2. Charles Steinwedel says:

    Hi Michael,

    When the Orenburg Expedition set out from Ufa in 1735, I think that Kirilov and Tevkelev were unaware of how hostile the local population would be to the building of a fortress on Bashkir land. (I think the taking of land, not profit-seeking from trade, was the issue that caused conflict.)

    Kirilov and Tevkelev represented the Expedition in a most optimistic way, as one might expect. They clearly sold the empress and her advisors on the ease and importance of building a fortress to support trade with Central Asia. If the Expedition had been prepared for the worst, one might conclude that Kirilov and Tevkelev expected problems and only wrote differently to St. Petersburg to justify the Expedition. However, Kirilov, who led the expedition to the proposed site of Orenburg, showed so little preparation for possible conflict and gave so little attention to warnings of local opposition that one can only assume that he didn’t expect trouble.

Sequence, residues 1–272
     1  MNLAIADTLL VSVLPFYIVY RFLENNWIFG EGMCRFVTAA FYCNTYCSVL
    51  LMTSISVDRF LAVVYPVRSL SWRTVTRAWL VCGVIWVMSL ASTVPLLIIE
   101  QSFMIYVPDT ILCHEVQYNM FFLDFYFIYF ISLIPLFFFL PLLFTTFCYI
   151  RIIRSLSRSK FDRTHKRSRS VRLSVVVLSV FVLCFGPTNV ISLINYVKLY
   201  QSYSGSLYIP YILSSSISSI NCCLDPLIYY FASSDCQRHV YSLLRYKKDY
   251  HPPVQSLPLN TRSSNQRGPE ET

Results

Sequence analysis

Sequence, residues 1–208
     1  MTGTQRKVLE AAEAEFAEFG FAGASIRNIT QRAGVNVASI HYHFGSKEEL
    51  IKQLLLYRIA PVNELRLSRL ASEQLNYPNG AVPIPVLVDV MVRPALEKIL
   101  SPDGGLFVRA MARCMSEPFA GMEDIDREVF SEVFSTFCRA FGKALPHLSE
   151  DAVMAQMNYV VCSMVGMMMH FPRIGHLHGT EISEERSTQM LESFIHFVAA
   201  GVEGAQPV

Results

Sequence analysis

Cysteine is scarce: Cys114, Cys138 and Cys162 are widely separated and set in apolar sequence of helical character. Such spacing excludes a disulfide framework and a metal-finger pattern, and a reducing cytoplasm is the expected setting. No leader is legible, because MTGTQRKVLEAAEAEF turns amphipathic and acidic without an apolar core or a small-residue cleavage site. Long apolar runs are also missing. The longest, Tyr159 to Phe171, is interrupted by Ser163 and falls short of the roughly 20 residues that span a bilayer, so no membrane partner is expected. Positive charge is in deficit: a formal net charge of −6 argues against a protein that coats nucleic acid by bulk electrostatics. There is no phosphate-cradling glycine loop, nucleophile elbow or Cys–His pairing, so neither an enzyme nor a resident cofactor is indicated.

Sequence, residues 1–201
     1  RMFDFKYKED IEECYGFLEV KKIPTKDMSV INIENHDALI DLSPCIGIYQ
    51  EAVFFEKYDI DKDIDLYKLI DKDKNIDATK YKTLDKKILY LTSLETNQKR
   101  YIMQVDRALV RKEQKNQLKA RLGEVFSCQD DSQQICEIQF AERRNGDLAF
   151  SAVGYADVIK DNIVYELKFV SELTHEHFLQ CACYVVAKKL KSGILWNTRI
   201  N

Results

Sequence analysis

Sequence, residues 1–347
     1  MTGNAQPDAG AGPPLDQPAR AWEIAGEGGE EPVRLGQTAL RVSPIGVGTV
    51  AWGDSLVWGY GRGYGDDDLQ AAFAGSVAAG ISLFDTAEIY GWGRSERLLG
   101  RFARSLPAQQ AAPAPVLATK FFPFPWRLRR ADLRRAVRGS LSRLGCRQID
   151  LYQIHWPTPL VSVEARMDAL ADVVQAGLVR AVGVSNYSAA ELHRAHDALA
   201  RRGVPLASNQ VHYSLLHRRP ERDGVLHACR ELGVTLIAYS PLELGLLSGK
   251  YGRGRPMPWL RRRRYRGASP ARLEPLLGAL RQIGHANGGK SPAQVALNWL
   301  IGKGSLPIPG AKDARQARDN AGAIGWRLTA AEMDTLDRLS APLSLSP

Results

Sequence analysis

Once the local population began to resist, Kirilov was soon forced to confront his error. Before long, there was no way to minimize what you call “local pushback.” The empress’s men faced thousands of Bashkirs who knew the local terrain. The Expedition lost men and supplies. The government in St. Petersburg had to order forces from Kazan to stabilize the situation, and five years of war ensued.

    Thanks for the question.

  3. Michael Corsi says:

    Ah that all makes so much sense! Thank you for your response professor, and for your engaging publication.